Personal finance for the modern professional
The concept of money is amazingly easy to understand: if you have some, you can spend some, if you do not, you can go out and earn some. Simple enough.
But when you add in credit cards, debt, savings, stocks, and investments, suddenly the inherently simple concept of money becomes convoluted and, at times, downright terrifying! Then you add in the changing financial landscape in today’s digital age and the whole thing becomes even more confusing and overwhelming. Money might be easy, but managing it is something else entirely.
That is why we put together this article to take a fresh look at personal financial management and provide today’s modern professional a guide to effectively managing one’s personal finances.
Today’s current view of personal financial management:
Even though money is an easy concept to understand, it is also a very awkward one to talk about. It is very personal and uncomfortable to discuss even with the most trusted family, friends, and financial professionals that we know. So, we are forced to undertake financial education on our own and inevitably hear financial platitudes like “credit cards are evil” and “you should never go into debt.”
Though catchy, these sayings are incomplete, just like the Four-Pillar framework we have come to know when it comes to personal financial management which is: Earn, Spend, Save/Invest, and Borrow. However, there is a fifth element, crucial in today’s digital age yet often forgotten, is Protect.
We will go through the refreshed Five-Pillar personal financial management framework in this article.
This Pillar is straightforward: find a way to generate income to have something to manage in the first place. Most people obtain some form of a job, whether full-time, part-time, or freelancing, to actively earn money.
And in today’s digital economy, there are countless new ways to earn extra cash. With a smartphone and an internet connection you can sell your locally made crafts (Etsy), drive others from A to B (Uber and Lyft), rent out your car (Getaround), your home (Airbnb), and even your pool (Swimply).
Once you earn some money, this gives you the opportunity to spend it. The trick with this Pillar is to avoid overspending. Practicing restraint on consumption is key in establishing a stable foundation for financial security.
With today’s Fintech startups and credit card companies providing us more access to credit and incentivizing more spending (like Chime, Tomo, Plastiq, and Affirm), the Spend Pillar can become a slippery slope to overspending.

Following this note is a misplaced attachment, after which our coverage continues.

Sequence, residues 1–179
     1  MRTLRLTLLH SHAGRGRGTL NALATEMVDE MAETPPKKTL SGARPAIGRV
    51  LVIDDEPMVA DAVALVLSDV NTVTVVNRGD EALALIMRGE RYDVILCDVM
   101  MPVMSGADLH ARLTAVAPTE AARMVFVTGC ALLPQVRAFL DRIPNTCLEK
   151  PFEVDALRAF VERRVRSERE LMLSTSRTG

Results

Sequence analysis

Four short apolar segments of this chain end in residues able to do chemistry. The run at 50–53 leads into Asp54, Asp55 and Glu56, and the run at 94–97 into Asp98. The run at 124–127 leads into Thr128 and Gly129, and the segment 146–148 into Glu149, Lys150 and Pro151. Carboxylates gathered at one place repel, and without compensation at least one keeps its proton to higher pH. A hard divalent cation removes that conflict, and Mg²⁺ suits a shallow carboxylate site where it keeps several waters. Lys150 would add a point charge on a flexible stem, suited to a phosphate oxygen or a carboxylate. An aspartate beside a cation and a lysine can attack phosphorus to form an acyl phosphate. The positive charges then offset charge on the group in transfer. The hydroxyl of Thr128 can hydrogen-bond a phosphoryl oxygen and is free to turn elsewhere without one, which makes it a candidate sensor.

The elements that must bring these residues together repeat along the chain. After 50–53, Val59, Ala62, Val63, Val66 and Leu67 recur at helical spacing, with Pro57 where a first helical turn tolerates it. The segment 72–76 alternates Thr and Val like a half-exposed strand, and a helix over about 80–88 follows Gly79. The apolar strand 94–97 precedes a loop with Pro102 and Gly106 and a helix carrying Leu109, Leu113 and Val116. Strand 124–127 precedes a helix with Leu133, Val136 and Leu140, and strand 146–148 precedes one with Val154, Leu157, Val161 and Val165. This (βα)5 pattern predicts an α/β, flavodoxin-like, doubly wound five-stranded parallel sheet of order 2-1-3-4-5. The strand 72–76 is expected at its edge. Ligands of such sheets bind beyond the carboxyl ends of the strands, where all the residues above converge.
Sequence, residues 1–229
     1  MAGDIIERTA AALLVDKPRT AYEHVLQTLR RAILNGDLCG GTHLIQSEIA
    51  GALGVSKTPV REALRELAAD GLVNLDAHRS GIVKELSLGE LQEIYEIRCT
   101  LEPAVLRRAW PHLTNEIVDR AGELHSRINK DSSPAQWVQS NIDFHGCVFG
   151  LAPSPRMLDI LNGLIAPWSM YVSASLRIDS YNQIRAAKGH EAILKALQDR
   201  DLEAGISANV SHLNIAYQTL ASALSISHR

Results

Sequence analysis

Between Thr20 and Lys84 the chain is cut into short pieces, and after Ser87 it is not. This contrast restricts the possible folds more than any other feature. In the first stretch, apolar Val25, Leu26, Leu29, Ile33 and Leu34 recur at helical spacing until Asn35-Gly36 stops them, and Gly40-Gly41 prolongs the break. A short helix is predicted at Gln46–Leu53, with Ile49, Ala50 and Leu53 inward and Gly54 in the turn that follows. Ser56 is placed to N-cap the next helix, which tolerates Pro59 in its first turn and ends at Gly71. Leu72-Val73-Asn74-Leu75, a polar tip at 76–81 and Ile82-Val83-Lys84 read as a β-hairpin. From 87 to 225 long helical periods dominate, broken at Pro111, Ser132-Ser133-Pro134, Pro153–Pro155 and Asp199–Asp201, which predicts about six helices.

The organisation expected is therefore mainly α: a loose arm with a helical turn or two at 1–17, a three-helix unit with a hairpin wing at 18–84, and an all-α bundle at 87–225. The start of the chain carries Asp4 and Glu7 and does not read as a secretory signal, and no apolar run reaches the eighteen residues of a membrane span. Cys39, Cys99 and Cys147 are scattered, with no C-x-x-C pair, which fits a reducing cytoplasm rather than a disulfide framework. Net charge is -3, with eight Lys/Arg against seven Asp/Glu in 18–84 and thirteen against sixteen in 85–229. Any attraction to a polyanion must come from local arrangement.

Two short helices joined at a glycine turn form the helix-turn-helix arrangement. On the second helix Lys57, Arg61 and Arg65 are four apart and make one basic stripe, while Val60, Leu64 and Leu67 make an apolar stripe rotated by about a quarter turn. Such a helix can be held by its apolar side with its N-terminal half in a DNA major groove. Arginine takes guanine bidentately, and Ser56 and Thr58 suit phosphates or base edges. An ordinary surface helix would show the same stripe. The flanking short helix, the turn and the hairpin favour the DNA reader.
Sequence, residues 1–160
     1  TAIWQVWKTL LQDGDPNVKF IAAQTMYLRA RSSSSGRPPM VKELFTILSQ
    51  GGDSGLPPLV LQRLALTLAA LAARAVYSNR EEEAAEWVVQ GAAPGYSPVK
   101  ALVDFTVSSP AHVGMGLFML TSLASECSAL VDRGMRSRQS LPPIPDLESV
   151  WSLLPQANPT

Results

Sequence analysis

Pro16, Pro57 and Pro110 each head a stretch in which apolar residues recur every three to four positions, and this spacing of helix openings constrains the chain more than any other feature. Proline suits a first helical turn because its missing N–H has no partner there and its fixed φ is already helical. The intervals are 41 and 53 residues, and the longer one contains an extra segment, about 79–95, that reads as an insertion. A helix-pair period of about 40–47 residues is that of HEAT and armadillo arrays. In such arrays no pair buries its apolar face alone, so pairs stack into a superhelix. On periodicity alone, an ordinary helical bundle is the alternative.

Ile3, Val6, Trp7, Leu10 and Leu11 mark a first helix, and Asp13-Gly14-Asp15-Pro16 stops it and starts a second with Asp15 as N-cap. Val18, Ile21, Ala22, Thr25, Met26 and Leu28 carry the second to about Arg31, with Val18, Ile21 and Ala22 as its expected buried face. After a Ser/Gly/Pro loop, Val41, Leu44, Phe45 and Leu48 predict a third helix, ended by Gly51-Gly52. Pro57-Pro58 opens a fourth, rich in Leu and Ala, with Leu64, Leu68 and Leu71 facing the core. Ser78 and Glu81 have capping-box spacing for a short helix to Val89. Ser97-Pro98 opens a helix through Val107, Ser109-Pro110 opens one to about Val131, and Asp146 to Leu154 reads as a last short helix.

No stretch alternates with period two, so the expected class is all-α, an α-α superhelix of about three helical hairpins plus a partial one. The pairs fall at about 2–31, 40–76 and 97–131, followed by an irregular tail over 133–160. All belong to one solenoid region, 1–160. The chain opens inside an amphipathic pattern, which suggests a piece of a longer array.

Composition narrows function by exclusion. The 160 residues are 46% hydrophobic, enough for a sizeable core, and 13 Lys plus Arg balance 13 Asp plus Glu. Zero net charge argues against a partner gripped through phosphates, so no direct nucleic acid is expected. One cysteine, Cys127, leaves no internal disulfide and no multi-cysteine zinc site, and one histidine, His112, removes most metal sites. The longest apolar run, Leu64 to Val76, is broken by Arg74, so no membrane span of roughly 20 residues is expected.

A basic rule to follow to practice wise spending is using the 50/30/20 budget. This involves using 50% of your after-tax income for essentials like rent/mortgage and food; 30% for non-essentials like going out to eat, shopping, etc.; and 20% to pay yourself (i.e., Savings Pillar).
This Pillar focuses on the 20% you paid to yourself, or your savings, mentioned above. As you practice good spending and build upon those savings, the Save/Invest Pillar focuses on generating passive income. This can be as simple as putting your savings in a high-yield investment account (i.e., a savings account, certificate of deposit, etc.), investing in the stock market, and/or investing in real estate.
Major banks like Chase, Wells Fargo, Charles Schwab have launched mobile apps to assist their customers with managing their checking/savings accounts to respond to the evolving habits towards mobile banking. These platforms offer easy-to-enroll high-yield savings and retirement accounts (e.g., IRA, Roth IRA) to promote healthy, long-term financial planning.
Fintech platforms like Acorns helps with sustainable savings practices; robo-advisors like Wealthfront and Betterment provide low-cost, low-risk investment funds that can provide higher returns than traditional savings accounts. And Robinhood, which offers free stock trading for its users to democratize the financial markets and allow retail investors to access the stock markets.
The financial landscape, more importantly access to markets, has never been easier and creating enough savings and wealth to make your money work as hard as you do is an essential part of your personal financial management.
Now we get to the Borrow Pillar. This one is perhaps the most misunderstood.
Borrowing begets debt and most of us are deathly afraid of incurring debt. Debt negatively impacts our credit scores, which can restrict our financial opportunities, and too much of it can ultimately lead to financial ruin that can hinder how we live our lives. It can be a serious disaster!